The Tuesday morning business highlights from the Associated Press.
US wholesale inflation eases to 8%, 4th straight slowdown
WASHINGTON (AP) — Prices at the wholesale level rose 8% in October from a year ago, the fourth straight decline and the latest sign that inflation pressures in the United States are easing from painfully high levels. The annual figure is down from 8.4% in September. On a monthly basis, the government said Tuesday that its producer price index, which measures costs before they reach consumers, rose 0.2% in October from September. That was same as in the previous month, which was revised down from an initial reading of 0.4%.
Stocks gain ground after wholesale inflation eases in US
NEW YORK (AP) — Stocks rose broadly on Wall Street after the government reported another decline in the pace of wholesale price inflation last month, the latest glimpse of hope that inflationary pressures in the U.S. might be easing. The S&P 500 index rose 1.5% in morning trading on Tuesday. The Dow and the Nasdaq also gained ground. Treasury yields slipped back. Wall Street is closely watching inflation data that could impact how far the Federal Reserve will need to go in restraining the economy to tame inflation. Walmart rose after reporting better-than-expected results. The huge retailer also announced an opioid settlement.
Climate activists slam fossil fuels, protest restrictions
SHARM EL-SHEIKH, Egypt (AP) — Ugandan climate activist Vanessa Nakate slammed world leaders Tuesday who persist in backing new fossil fuel projects despite science warnings that this will push temperatures across the planet to dangerous highs as a handful of activists held a symbolic protest at a secure, designated area outside the U.N. summit venue to highlight restrictions felt by demonstrators. Countries agreed in the 2015 Paris climate accord to limit global warming to 1.5 degrees Celsius by the end of the century if possible.
Amazon plans new virtual care offering based on messaging
Amazon is stepping back into virtual care with a new service that uses secure messaging to connect patients with doctors for help with nearly two dozen conditions. The retail giant said Tuesday it will launch Amazon Clinic in 32 states to provide medication refills and care for conditions like allergies, erectile disfunction, hair loss, and urinary tract infections. That list does not include the flu, COVID-19, ear infections or other urgent care conditions for which patients often seek help through telemedicine. Amazon said it will work to add other conditions over time to the service, which will not accept insurance.
Germany’s 1st LNG terminal takes shape at North Sea port
WILHELMSHAVEN, Germany (AP) — Germany has marked the completion of port facilities for the first of five planned liquefied natural gas terminals it is scrambling to put in place as it replaces the Russian pipeline gas that once accounted for more than half of its supplies. The site in the North Sea port of Wilhelmshaven was one of two that the German government announced shortly after Russia invaded Ukraine in February. Germany until now has had no LNG terminals. Five are now planned in total. They’re part of a drive to prevent an energy crunch that also includes temporarily reactivating old oil- and coal-fired power stations and extending the life of Germany’s last three nuclear power plants for a few months.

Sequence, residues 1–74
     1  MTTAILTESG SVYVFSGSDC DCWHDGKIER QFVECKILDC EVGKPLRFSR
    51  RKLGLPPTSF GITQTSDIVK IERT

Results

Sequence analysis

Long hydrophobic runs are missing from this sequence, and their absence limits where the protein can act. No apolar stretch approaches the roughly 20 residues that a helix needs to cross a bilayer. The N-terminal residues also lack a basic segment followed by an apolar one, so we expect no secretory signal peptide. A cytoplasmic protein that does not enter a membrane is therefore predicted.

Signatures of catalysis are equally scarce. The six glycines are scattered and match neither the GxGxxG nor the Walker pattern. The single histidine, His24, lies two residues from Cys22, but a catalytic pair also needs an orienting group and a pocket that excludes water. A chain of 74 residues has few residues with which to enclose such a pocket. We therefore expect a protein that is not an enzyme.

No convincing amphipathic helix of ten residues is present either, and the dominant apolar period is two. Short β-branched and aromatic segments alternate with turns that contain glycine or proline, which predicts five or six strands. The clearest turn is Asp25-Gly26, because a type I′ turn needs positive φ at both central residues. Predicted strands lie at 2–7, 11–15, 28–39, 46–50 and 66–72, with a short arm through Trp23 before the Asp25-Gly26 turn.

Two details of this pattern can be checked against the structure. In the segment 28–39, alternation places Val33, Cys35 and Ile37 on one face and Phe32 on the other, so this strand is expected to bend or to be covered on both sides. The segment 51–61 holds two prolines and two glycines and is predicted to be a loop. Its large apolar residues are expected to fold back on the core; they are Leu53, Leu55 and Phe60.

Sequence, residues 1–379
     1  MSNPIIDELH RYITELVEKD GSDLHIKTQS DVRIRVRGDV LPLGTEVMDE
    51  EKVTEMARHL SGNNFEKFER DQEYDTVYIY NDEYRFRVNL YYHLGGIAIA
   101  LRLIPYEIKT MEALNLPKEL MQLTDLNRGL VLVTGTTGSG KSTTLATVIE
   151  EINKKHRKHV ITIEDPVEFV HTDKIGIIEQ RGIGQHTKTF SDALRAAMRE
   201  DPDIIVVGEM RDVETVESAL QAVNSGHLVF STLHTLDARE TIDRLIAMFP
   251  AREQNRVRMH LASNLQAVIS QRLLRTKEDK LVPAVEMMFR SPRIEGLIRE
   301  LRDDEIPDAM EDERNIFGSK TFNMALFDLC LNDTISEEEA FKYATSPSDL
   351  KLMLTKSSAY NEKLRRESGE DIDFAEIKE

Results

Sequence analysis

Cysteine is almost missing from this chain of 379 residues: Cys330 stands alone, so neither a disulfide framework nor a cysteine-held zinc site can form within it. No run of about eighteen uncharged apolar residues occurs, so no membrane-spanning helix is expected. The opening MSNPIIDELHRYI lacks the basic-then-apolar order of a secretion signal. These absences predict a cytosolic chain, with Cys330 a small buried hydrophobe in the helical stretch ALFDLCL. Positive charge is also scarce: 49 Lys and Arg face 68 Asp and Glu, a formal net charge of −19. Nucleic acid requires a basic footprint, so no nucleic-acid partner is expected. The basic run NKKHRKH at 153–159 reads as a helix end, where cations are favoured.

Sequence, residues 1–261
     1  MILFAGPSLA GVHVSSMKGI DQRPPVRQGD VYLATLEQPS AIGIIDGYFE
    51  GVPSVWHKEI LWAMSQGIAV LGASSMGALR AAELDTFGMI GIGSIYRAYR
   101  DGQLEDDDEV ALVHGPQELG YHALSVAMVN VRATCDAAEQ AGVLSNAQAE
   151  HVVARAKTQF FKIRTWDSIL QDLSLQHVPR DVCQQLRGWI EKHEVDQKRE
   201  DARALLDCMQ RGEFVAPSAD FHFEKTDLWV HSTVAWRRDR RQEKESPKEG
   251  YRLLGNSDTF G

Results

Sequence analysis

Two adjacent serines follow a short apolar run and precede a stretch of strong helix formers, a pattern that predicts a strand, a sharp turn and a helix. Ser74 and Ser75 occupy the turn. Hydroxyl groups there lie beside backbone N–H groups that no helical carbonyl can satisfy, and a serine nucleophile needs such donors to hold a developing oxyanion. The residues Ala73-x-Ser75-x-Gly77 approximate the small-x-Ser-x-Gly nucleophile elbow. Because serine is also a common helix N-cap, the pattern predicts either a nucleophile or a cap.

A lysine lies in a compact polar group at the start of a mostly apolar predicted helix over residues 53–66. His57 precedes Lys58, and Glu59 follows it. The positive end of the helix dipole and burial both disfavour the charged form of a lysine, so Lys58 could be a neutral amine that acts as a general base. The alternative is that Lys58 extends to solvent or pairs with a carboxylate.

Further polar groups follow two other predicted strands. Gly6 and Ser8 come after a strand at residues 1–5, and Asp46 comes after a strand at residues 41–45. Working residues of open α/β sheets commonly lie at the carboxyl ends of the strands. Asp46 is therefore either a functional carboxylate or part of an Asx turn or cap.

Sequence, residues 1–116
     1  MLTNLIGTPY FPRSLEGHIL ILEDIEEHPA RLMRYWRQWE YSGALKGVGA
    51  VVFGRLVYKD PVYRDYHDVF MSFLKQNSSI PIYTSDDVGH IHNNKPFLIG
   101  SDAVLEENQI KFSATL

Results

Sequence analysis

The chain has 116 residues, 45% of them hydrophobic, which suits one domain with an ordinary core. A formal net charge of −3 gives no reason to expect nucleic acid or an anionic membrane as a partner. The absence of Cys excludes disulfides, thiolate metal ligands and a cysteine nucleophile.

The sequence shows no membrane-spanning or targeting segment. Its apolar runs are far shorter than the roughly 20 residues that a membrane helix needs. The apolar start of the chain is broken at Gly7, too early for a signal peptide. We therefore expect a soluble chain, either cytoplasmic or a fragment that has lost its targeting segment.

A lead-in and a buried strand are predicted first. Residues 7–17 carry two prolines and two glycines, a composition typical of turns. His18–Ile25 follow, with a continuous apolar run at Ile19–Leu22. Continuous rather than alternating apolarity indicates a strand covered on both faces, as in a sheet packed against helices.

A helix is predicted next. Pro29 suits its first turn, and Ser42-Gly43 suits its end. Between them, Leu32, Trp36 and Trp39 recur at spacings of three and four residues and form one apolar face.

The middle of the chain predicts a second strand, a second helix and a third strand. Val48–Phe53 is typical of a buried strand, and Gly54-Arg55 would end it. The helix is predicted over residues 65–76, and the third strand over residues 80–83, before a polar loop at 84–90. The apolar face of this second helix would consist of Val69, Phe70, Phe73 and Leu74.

Studies find automatic braking can cut crashes over 40%
DETROIT (AP) — Two new U.S. studies show that automatic emergency braking can cut the number of rear-end automobile crashes in half, and reduce pickup truck crashes by more than 40%. The studies by a government-auto industry partnership and the insurance industry each used crash data to make the calculations. Automatic emergency braking can stop vehicles if a crash is imminent, or slow them to make a crash less serious. The Partnership for Analytics Research in Traffic Safety found front-to-rear crashes were cut 49% when the striking vehicle had forward collision alert plus automatic braking, when compared with vehicles that didn’t have either system.
Britain’s vulnerable await PM’s spending plans with anxiety
LONDON (AP) — Millions are hoping British Prime Minister Rishi Sunak finds money to help them survive a cost-of-living crisis when the government releases its spending plans Thursday. With inflation at a 40-year high, the demands are many, ranging from pay increases for nurses and police officers to increased welfare benefits, higher pensions and more funding for free school meals. Thirugnanam Sureshan and his wife are hoping for help from the government. Health problems have left him disabled, and he fears for his life if he can’t stay warm this winter. The couple have cut down wherever possible to ensure they can keep the heat on even as their monthly electricity bill has almost doubled over the past year.
MacKenzie Scott donations avoided feared pitfalls: New study
MacKenzie Scott’s big gifts have been a boon to the charities who received them, and widespread fears in the nonprofit world that her gifts would lead other donors to pull back their support or that small groups wouldn’t be able to handle them were largely unfounded. That’s according to a study by the Center for Effective Philanthropy, which surveyed more than 700 nonprofits that Scott identified as grant recipients in 2020 and 2021. Susan Goodell, chief executive of El Pasoans Fighting Hunger, a food bank that received $9 million from Scott in December 2020, said the money shored up her group’s financial health as food-assistance needs soared.